And then Fungie stopped by to say hello! I wasn’t quick enough to get a photo of him, but he made several brief appearances to investigate this new boat of travelers.
Dingle
We got the full sea-farer’s experience when a storm rolled through our path. But eventually the sun came back out!
Dingle
What a beautiful trip!

Next came one of the most beautiful drives I’ve ever had the privilege to see. There’s a 30-mile loop around the peninsula, called the Slea Head Drive, famous for its ocean views, sprawling green fields and dramatic coastline. From it you can see the Sleeping Giants and the Blasket Islands, two iconic Irish spots steeped in legend. Just remember to drive the loop clockwise – doing otherwise may have you swimming with those legendary giants!

Dingle Peninsula, Slea Head
First, we stopped by a farm on a hillside to say hello to some of the peninsula’s other residents.
Dingle Peninsula, Slea Head
So many sheep!
Dingle Peninsula, Slea Head
Nobody knows for sure when these beehive huts were first built, but scholars presume that many predate the 8th century. This one is currently being used by a farmer to store supplies, though its original function is unknown. Beehive huts can be found throughout Ireland with a higher concentration on the Dingle Peninsula and in County Kerry as a whole.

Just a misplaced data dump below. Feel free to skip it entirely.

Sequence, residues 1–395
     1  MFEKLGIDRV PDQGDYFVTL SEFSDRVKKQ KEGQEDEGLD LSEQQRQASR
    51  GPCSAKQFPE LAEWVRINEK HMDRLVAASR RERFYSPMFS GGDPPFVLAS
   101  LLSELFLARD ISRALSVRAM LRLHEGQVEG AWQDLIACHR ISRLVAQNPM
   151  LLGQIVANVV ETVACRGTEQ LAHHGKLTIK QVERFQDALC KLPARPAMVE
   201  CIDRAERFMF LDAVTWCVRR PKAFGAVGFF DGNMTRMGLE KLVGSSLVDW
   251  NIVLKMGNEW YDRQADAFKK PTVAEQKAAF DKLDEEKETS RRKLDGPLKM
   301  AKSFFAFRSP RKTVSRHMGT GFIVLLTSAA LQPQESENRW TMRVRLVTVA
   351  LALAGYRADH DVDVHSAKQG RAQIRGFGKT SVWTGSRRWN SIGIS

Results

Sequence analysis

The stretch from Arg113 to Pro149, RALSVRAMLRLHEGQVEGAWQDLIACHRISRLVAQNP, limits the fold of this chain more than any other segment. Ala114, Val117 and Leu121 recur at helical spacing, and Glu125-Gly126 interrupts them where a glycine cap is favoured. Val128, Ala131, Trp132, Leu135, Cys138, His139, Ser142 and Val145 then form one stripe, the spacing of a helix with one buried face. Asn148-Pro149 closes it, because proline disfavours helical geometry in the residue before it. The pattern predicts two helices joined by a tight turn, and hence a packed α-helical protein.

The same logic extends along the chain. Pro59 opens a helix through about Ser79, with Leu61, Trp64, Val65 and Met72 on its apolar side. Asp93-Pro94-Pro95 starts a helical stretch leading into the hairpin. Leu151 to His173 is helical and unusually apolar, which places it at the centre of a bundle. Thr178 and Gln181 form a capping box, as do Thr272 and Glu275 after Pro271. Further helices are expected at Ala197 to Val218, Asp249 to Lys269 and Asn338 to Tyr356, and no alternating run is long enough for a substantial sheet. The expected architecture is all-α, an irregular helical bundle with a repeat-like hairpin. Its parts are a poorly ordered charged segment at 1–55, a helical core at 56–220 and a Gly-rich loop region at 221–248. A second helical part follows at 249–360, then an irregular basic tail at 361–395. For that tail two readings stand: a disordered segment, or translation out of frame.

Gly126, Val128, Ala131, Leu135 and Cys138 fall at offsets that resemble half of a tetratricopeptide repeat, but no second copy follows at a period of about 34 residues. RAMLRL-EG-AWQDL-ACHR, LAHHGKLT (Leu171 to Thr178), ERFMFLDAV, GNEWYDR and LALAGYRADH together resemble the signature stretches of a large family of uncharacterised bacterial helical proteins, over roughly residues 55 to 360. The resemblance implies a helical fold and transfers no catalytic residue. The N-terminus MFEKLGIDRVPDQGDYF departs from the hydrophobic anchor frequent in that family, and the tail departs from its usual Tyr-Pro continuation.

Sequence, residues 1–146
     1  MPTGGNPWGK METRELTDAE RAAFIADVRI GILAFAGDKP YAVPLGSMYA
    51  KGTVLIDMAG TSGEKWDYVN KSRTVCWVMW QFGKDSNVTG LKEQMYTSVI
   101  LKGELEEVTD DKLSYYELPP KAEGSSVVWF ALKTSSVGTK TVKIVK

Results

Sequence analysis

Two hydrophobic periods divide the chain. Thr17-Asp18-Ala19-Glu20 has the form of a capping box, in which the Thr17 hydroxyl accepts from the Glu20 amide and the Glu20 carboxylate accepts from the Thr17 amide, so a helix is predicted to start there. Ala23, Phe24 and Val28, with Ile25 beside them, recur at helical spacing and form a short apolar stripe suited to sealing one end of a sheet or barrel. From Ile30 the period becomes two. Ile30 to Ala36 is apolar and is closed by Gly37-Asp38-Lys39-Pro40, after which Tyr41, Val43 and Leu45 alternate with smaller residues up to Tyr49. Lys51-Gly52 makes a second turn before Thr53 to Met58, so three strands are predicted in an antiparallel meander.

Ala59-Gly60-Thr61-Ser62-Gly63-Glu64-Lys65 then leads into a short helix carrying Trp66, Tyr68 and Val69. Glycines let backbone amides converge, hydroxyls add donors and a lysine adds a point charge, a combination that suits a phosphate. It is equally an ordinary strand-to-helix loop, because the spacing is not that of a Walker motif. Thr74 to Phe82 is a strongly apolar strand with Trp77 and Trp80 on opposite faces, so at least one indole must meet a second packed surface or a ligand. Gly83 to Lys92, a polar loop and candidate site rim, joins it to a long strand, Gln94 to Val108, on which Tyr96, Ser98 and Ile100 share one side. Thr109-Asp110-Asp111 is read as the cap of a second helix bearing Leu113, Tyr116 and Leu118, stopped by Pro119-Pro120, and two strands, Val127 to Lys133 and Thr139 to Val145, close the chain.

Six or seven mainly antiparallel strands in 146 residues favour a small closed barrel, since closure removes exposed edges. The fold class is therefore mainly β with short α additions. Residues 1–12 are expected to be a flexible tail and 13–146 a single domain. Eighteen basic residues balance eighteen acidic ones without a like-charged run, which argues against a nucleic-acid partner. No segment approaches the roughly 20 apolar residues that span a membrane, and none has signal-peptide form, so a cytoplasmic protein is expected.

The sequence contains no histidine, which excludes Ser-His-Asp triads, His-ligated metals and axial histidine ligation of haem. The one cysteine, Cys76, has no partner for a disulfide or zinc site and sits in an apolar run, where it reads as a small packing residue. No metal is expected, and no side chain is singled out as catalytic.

Dingle Peninsula, Slea Head
Nope, that’s not a dog house. It’s a chicken house.
Dingle Peninsula, Slea Head
Look closely – there’s a giant sleeping in the distance.
Dingle Peninsula, Slea Head
Green fields as far as the eye can see.
Dingle Peninsula, Slea Head
And when the green fields stop, then there’s the blue ocean as far as the eye can see.
Dingle Peninsula, Slea Head
Truly a once in a lifetime experience. Nothing like miles and miles of unbridled nature to make you consider your place in the world.
Dingle Peninsula, Slea Head
The sun was setting as we reached the most western point.
Dingle Peninsula, Slea Head
Every so often, the sheep from the mainland are brought out to the islands to eat the grass out there. They’re led down this path, where they board boats and head west.
Dingle Peninsula, Slea Head
I don’t think there’s anywhere else like this on Earth.
Dingle Peninsula, Slea Head
Those little villages in the upper right were just about the only places of human residence on the peninsula.
Dingle Peninsula, Slea Head
What a peaceful place for a giant to sleep.
Dingle Peninsula, Slea Head
One happy explorer.
Dingle Peninsula, Slea Head
Dunmore Head, the most western part of Ireland.
Dingle Peninsula, Slea Head
Goodnight, Mr. Giant.

We retired in a tiny village on the peninsula for the night, where our hostel, the pub attached to it, a few cafes and a few homes seemed to be the only signs of human life for miles. Annascaul, population 299 in 2011, is truly a haven for nature seekers or those simply wanting to get away from the hustle and bustle of anywhere else. We enjoyed a lovely dinner at the pub and a fun night of karaoke with a few of the locals. It was the kind of small-town fun that makes you want to take a gap year in a place like that.

And the best part of our night in Annascaul? Absolutely zero light pollution.